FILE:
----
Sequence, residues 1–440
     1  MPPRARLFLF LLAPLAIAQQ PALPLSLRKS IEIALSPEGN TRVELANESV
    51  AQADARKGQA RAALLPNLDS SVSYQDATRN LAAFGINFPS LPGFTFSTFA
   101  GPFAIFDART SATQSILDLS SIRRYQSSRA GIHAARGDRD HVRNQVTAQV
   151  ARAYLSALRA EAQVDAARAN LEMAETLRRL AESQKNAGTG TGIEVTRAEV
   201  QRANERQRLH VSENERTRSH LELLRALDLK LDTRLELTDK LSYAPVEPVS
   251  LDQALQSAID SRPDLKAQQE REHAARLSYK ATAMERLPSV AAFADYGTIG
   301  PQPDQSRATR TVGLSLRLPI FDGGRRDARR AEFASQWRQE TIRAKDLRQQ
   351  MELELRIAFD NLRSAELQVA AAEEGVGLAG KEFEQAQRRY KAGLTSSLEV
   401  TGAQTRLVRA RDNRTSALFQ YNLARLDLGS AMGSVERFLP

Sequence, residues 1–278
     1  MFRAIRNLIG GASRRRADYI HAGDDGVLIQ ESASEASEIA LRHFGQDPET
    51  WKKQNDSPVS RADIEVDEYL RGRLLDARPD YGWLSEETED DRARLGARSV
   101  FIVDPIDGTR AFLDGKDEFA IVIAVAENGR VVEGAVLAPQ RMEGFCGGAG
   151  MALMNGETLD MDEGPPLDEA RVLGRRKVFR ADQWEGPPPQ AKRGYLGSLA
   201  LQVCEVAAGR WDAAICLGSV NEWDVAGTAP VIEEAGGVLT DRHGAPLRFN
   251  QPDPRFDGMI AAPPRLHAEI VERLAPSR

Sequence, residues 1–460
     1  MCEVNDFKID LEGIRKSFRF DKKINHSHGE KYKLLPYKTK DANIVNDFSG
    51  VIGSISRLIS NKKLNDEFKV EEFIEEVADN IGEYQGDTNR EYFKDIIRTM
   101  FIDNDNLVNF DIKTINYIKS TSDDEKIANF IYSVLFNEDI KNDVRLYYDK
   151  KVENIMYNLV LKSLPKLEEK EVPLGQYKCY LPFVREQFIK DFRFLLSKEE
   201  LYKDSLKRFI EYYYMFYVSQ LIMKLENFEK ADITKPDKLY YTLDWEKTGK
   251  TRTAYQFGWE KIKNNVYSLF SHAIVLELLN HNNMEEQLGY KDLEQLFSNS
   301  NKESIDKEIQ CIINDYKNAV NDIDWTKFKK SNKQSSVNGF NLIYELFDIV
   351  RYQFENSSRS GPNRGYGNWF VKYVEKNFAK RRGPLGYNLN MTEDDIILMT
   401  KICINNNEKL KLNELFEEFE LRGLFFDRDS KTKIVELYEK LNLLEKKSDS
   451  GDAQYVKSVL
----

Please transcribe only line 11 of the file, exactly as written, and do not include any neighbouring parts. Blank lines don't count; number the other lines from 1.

Sequence, residues 1–278